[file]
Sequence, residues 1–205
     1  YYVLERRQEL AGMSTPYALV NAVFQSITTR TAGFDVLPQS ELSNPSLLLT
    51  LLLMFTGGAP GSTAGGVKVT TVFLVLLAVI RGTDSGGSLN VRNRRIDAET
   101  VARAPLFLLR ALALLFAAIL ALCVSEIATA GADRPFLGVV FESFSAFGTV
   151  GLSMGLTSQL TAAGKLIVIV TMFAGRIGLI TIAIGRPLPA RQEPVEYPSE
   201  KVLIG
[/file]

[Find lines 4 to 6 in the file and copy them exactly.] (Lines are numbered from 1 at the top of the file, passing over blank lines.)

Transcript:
   101  VARAPLFLLR ALALLFAAIL ALCVSEIATA GADRPFLGVV FESFSAFGTV
   151  GLSMGLTSQL TAAGKLIVIV TMFAGRIGLI TIAIGRPLPA RQEPVEYPSE
   201  KVLIG